DEAR ABBY: My mother, "Adele," never misses your column, so I'm hoping this will get her attention. She has smoked for most of my 28 years of life, with the exception of when she "quit" from 2000 to 2003. (Her mother died of lung cancer.) I beg her not to smoke around me or my 3- and 4-year-olds. My daughter has even told her she smells bad and asked her to put out her cigarette.
Adele claims she shouldn't have to go outside to smoke because smoke rises, and although you can see and smell it, there are no chemicals left in the air to hurt us. Adele says the reason she doesn't want to quit is she read somewhere that quitting "cold turkey" increases your chance of complications from smoking. She refuses to believe she's hurting anyone.
Would you please tell her that not only is it inconsiderate and selfish to tell us to leave the house or get out of the car if we don't want to breathe in the smoke, it's also hurting her and putting her grandchildren at risk? -- CAN'T GET THROUGH, OZARK, ARK.
DEAR CAN'T GET THROUGH: Your mother is severely addicted to tobacco and in a state of denial. It is common knowledge that secondhand smoke is harmful. That's why some states have outlawed smoking in the workplace and public buildings.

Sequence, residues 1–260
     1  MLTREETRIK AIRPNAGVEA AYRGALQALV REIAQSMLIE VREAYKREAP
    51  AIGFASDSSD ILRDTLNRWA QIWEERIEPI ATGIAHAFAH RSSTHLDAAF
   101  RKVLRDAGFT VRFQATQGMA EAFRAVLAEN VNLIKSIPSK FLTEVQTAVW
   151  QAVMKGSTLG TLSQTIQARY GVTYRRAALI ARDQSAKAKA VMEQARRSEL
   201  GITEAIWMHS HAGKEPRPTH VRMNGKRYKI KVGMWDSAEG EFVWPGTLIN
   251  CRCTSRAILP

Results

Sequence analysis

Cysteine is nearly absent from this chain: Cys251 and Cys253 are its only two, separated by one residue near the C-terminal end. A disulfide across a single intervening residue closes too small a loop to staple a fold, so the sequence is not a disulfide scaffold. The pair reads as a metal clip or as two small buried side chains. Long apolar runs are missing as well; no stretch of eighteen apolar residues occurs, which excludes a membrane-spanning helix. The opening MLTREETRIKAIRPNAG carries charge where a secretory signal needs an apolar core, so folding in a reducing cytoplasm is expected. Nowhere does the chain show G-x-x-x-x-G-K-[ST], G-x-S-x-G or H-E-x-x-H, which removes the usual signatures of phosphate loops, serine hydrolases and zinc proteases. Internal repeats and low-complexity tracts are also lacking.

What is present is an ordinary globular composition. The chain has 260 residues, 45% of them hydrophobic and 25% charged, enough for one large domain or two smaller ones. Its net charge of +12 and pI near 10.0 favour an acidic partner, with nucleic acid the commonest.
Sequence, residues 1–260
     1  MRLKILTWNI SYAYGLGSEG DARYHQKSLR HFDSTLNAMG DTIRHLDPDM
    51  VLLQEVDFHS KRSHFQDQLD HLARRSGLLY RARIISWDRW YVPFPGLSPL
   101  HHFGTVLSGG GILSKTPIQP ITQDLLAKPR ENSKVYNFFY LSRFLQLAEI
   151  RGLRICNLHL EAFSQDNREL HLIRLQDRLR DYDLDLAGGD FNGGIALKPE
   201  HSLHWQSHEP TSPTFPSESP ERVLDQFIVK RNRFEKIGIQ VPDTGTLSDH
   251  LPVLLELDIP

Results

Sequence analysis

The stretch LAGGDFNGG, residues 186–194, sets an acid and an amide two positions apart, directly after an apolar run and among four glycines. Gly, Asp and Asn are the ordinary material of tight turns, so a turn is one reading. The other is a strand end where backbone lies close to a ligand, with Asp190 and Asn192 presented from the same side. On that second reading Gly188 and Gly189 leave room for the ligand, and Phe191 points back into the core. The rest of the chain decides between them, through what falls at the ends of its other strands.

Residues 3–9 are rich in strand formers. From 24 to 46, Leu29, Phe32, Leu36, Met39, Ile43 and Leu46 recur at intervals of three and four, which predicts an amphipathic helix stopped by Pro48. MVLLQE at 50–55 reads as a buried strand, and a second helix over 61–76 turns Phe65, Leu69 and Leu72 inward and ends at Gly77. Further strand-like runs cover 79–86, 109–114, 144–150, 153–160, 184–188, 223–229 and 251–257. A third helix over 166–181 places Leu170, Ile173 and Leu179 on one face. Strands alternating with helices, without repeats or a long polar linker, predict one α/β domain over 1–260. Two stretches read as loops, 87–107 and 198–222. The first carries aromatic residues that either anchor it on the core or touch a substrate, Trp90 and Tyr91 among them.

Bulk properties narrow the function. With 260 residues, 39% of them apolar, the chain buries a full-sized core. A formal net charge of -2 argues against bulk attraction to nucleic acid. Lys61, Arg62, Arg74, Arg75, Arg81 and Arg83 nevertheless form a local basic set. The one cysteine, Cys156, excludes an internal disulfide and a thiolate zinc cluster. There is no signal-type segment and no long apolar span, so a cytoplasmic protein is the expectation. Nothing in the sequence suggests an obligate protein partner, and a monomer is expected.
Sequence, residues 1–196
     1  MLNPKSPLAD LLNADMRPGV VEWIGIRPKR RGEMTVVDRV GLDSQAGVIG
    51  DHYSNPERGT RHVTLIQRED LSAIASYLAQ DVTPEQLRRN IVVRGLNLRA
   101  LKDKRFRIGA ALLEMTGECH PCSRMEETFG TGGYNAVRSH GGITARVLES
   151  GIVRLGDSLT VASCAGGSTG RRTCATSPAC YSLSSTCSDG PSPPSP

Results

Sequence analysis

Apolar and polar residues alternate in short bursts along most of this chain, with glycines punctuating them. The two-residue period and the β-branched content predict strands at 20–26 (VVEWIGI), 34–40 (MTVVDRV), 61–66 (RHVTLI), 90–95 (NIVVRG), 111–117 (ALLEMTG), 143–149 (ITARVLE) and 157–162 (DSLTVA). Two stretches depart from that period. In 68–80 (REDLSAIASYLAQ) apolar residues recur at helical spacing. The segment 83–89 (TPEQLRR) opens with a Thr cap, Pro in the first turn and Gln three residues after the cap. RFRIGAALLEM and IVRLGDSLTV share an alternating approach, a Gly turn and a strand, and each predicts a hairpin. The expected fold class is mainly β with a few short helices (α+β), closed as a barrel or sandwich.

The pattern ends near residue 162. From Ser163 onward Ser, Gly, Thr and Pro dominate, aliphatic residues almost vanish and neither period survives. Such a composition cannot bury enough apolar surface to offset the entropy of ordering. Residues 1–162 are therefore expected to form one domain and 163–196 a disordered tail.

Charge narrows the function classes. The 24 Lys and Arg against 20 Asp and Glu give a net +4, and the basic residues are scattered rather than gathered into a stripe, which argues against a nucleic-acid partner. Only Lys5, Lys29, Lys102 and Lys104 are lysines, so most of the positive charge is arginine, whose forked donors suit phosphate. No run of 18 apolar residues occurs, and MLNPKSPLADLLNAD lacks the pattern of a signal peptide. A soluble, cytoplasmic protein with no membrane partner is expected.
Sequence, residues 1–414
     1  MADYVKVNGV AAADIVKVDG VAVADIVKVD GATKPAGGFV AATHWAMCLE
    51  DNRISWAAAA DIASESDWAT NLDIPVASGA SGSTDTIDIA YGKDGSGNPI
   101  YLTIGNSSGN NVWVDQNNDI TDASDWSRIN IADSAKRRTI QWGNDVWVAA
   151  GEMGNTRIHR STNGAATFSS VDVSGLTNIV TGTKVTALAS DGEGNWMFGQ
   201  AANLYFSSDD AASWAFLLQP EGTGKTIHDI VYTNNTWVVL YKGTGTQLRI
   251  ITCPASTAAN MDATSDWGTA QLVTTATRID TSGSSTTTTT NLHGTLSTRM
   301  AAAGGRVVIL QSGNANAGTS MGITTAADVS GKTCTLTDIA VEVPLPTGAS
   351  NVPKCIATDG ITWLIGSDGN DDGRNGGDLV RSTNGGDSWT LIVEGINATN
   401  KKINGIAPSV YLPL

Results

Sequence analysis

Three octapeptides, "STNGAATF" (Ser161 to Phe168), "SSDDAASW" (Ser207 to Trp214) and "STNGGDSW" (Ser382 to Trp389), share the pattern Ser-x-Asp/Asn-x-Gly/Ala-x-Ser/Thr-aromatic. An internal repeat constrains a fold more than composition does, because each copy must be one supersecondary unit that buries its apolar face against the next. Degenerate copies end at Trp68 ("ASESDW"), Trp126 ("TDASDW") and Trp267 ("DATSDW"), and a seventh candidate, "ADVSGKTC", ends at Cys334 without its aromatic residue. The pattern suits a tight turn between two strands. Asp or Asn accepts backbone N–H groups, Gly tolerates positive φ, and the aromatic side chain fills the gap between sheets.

I don't know where your mother got the notion that quitting smoking cold turkey could have a negative impact on her health. For years, doctors have said that it's the most effective way to stop. For smokers who can't face the challenge of sudden withdrawal from nicotine, there are now gums, patches and cessation programs to help people break the habit. Your mother's problem isn't that she's ignorant; it's that she's so wedded to her addiction she doesn't want to quit.
As much as you love her, you are now a mother yourself. It is your job to protect your children from anything that could harm them, and that includes secondhand smoke. From now on, do not take them to your mother's home; instead, entertain her in your smoke-free home. If she insists on smoking in her car, you will have to be the one to provide the transportation. And for your own sanity, when the time comes for your mother to pay the piper as her own mother did, do not grieve that you didn't have more time with her. She lived her life the way she wanted.